The people of Mississippi have the opportunity to have their voices heard and play a part in the making of herstory to ratify the Equal Rights Amendment (ERA). As of today, Mississippi presents an opportunity for supporters and advocates of the ERA to be the last state needed to ratify the Amendment, whether it be through connecting with their state legislators, participating in demonstrations, or raising awareness through social media.
The current session began on January 8, 2019.
On January 14, 2019, Rep. Bryant Clark (D-Pickens) introduced HC 5 ratifying the Equal Rights Amendment. On the same day, the bill was referred to the Constitution Committee in the Mississippi House of Representatives.
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Historical Context Regarding the ERA in Mississippi
During the 1970s, Mississippi became home to diametrically opposed forces in the struggle for the Equal Rights Amendment. Mississippi was the last of the fifty states to ratify the 19th Amendment guaranteeing womens’ suffrage. Although it officially became law nationwide in 1920, it was only ratified by the Mississippi state legislature on March 22, 1984.
A multitude of organizations and individuals supported the ratification of the ERA in the Magnolia State following the passage of the Amendment in the U.S. Congress. In October of 1972, ERA proponents including the American Association of University Women (AAUW), the League of Women Voters (LWV), the Mississippi Nurses Association, the Jackson Women’s Coalition, the AFL- CIO, National Organization for Women (NOW), and the Mississippi Hairdressers and Cosmetologists met in Jackson, Mississippi to organize a campaign in favor of ratifying the Amendment. Two of the pro-ERA leaders attending this meeting included Jean Muirhead, an attorney and former state senator, and Dr. Connie McCaa, the coordinator for the Amendment’s ratification for Jackson’s NOW chapter. It was at this meeting that Mississippi House Representative John Eaves declared that he would sponsor the Amendment in the legislature.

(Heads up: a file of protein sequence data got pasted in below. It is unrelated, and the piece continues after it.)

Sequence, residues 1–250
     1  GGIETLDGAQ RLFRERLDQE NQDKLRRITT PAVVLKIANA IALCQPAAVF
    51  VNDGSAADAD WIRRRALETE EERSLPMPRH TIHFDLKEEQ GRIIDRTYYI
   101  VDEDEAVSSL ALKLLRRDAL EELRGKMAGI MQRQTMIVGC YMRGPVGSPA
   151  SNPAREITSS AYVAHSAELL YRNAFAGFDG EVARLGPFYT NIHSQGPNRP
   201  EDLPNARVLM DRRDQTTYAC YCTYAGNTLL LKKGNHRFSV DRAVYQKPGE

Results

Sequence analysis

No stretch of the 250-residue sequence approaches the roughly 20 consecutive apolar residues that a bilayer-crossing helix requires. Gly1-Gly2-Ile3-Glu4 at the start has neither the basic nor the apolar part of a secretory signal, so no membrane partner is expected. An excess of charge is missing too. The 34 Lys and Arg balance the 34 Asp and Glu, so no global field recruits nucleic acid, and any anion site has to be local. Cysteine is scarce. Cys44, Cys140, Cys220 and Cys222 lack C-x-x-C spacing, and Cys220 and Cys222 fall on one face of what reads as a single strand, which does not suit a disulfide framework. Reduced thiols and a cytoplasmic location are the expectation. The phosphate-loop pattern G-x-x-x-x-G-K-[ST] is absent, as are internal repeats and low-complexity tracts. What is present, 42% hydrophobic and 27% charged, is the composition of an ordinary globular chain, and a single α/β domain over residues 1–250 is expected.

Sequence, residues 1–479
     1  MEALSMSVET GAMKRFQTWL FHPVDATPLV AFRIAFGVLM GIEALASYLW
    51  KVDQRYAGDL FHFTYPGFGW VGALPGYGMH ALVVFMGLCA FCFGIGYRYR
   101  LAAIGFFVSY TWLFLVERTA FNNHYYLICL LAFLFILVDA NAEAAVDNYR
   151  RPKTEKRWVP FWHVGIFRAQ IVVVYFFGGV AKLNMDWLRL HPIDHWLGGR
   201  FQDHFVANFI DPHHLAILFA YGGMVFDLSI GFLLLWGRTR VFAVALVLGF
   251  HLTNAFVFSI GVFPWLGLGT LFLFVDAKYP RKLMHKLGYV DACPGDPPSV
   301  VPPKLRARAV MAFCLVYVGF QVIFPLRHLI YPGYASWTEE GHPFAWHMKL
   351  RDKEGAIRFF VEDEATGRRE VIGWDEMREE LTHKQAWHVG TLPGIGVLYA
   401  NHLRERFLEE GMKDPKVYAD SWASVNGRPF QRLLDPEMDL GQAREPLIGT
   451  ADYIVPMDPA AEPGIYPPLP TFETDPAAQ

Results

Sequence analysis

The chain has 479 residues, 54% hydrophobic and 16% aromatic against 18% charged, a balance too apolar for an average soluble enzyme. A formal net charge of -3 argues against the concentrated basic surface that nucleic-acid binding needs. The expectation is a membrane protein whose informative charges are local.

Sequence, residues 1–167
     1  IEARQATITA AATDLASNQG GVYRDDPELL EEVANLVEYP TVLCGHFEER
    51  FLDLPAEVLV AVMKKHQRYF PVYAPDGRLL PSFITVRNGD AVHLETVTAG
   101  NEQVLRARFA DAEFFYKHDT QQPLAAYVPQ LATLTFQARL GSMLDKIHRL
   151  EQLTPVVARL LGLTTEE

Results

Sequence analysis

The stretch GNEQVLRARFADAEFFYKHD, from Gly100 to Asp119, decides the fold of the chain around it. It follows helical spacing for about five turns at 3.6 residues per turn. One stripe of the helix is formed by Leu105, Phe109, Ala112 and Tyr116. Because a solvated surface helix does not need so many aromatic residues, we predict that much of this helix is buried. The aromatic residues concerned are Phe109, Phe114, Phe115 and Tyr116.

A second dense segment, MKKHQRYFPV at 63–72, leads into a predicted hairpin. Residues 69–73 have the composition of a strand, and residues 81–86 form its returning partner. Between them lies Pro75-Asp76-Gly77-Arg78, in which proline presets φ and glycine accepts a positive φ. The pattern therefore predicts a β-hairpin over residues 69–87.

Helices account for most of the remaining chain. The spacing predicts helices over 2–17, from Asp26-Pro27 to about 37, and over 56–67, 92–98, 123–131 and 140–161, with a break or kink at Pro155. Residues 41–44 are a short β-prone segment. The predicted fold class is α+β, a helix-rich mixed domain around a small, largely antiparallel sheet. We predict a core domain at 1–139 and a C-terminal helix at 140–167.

At the same time, Phyllis Schlafly’s STOP ERA campaign was especially successful in the southern states including Mississippi. Ellen Campbell, the leader of Mississippi’s local STOP ERA organization, said “Man is the head of the home. In the societal order of things, he is above the women”. Another ERA opponent in Mississippi, Peggy Rayborn, argued that the Amendment’s wording was open to interpretation and stated: “The main result of the passage of the ERA would be to transfer jurisdiction of all laws pertaining to women and the family from the states to the federal government and courts. Considering the mess they make of everything, this would be catastrophic. Besides, the government has enough power and interferes too much as it is”.
In January of 1973, the ERA was introduced in both the Mississippi House of Representatives and the Mississippi State Senate. The Senate Constitution Committee held hearings and State Representative Betty Jane Long was appointed the head of a subcommittee to study the ERA. Hearings were held on the issue, but the Amendment never received enough votes to get out of committee. A year later in 1974, the Amendment died again in committee.